Appropriately, the second piece was Alex Glyde-Bates‘ Tropography which begins as a multi-sensory diptych between spliced-together close-ups of an actress playing Jean d’Arc in a silent movie (and who I feel could have done good work with Adagio) and a virtuoso violin player. Later the piece becomes a triptych as human non-verbal vocalisations are played in: ranging from a singe baby to a whole crowd, perhaps at a sporting event. The emotion from Jean, the violin and the vocalisations sometimes came together in synaesthetic harmony and at other times their conflict produced feelings of full or partial disc(h)ord. I find myself wondering if a third sense could have been brought into play but recognise this would be tricky: perhaps a sequence of timed snacks (there was a large tin of Quality Street available) or a cunningly constructed multi-flavoured gob-stopper?
Ben Oliver’s BmB – I will reveal that the ‘m’ stands for ‘means’ and the two B’s refer to the same neologism, one with which I will not sully this blog (there should remain at least one refuge) – would count as a more conventional piece (but only relatively speaking) scored for the whole ensemble and electronics. It was written in response to the work of Thomas Tallis and, in particular, his 21 year monopoly on the publishing of polyphonic music in England by Harry 8’s daughter, Liz (1).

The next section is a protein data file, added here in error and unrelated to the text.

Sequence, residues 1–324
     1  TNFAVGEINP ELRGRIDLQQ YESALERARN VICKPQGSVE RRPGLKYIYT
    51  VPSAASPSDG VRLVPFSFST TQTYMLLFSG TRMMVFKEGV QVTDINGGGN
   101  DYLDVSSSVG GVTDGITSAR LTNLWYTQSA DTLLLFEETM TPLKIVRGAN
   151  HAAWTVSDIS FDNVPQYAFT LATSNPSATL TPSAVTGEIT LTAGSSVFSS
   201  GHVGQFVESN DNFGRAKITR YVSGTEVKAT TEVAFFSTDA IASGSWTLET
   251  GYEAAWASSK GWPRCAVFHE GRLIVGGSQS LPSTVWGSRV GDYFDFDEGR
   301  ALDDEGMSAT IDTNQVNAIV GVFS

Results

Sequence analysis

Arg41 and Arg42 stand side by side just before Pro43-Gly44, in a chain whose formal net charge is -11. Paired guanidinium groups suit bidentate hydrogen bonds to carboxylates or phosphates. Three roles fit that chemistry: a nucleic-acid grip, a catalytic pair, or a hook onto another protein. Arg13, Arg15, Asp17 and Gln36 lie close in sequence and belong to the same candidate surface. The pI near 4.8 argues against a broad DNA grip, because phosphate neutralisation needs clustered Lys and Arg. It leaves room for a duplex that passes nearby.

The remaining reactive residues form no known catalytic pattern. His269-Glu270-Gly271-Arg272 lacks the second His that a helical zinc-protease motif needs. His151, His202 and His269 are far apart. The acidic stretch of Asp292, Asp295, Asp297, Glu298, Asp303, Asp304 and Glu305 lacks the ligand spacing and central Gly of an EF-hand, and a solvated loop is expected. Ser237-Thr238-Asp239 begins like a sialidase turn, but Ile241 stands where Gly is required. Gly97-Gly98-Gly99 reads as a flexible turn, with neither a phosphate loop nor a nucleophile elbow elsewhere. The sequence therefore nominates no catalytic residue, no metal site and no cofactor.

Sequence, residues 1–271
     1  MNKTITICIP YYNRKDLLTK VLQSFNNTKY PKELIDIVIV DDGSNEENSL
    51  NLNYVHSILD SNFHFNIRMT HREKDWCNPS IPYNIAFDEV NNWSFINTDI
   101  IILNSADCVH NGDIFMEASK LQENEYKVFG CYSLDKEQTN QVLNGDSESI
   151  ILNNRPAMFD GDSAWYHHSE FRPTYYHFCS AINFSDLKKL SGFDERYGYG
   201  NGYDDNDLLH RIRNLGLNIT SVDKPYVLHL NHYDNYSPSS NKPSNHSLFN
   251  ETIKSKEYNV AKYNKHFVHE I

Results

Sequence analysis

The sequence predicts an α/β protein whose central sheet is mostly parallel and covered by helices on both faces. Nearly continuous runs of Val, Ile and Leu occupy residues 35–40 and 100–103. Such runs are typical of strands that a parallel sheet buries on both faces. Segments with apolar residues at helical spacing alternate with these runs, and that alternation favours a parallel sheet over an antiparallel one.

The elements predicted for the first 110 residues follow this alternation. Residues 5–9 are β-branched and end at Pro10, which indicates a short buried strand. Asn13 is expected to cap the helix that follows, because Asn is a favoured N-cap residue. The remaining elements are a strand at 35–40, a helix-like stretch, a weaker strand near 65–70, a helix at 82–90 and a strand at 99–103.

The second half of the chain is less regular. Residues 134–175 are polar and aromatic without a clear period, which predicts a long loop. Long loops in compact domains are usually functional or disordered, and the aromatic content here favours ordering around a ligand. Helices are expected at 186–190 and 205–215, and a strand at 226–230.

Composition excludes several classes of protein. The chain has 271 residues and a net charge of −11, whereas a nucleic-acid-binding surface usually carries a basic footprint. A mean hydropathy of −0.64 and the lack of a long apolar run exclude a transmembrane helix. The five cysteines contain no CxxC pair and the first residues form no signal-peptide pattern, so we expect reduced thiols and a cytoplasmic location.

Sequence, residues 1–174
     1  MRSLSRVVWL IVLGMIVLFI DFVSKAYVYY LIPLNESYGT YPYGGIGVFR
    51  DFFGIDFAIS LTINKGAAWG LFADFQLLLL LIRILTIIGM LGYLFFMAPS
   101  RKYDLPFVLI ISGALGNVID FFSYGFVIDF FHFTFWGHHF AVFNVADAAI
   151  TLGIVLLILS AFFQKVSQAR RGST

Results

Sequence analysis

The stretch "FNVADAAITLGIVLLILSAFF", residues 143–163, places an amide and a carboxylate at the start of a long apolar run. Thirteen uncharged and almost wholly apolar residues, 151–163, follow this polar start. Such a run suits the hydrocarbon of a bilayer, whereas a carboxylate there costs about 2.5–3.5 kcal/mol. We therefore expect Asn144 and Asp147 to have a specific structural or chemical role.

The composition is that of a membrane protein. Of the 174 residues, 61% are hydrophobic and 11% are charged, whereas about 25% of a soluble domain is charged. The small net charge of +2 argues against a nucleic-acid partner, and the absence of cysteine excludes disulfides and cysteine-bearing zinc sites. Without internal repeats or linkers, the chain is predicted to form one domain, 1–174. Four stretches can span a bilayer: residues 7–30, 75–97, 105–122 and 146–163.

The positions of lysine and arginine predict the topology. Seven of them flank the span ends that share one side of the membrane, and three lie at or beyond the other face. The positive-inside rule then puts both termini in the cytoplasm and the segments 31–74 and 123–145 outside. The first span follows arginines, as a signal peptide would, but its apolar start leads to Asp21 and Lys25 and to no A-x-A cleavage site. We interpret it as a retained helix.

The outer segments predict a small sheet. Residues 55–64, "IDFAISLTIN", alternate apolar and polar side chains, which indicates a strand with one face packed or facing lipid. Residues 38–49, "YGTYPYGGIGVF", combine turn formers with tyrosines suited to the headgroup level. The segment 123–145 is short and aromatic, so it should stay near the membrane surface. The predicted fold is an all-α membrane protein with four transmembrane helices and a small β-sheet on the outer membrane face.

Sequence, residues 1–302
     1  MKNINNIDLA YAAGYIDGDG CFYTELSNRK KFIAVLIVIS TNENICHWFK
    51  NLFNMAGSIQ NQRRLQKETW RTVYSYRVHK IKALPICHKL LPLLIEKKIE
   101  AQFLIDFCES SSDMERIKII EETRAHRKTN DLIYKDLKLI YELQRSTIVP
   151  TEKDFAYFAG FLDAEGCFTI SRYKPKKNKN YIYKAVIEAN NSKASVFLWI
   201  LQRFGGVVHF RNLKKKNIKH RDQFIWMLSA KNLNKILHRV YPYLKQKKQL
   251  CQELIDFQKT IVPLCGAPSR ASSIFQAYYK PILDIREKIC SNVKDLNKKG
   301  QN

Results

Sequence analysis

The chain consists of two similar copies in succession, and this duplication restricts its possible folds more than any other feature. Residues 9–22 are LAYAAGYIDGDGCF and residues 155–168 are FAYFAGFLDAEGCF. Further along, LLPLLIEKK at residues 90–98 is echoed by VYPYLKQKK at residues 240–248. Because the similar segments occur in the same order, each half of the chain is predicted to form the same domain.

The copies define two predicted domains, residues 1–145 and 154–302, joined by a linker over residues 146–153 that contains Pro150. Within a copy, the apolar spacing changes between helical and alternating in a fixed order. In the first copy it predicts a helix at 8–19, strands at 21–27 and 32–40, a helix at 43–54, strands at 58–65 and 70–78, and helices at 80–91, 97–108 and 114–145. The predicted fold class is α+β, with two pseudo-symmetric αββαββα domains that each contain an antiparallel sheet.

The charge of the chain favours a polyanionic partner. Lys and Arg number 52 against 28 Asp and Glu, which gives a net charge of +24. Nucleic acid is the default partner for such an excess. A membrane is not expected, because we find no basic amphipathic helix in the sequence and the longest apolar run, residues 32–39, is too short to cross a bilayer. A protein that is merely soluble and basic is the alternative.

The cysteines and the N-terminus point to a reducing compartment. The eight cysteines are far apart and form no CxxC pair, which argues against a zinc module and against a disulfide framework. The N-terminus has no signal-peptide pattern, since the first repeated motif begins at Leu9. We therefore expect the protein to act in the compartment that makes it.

Embarrassingly, I have forgotten both the name and composer of the next piece for tuba and electronics. I recall that it was an unusually long, effectively-solo piece for the tuba and involved a lot of aspiration and some notes of startling depth: certainly any risk of shipping striking the venue were significantly reduced though any passing cetaceans might have been tempted to join the audience.
Harry Matthews‘ actively listening to me brought out – not for the first time in experimental music I’ve seen – the element of “play” in the word “player”. While there is a score, the players working/competing in pairs can take the piece in many possible directions. I’m assuming that no two performances will ever be the same but that each is always a conversation between each instrument pairing. I love that music can bring this element of play into performance but in such a different way to jazz improvisation. I’ll admit that I’m not sure who the “winner” was in each pair and we did not get to see the final itself (or perhaps they play both home and away legs?).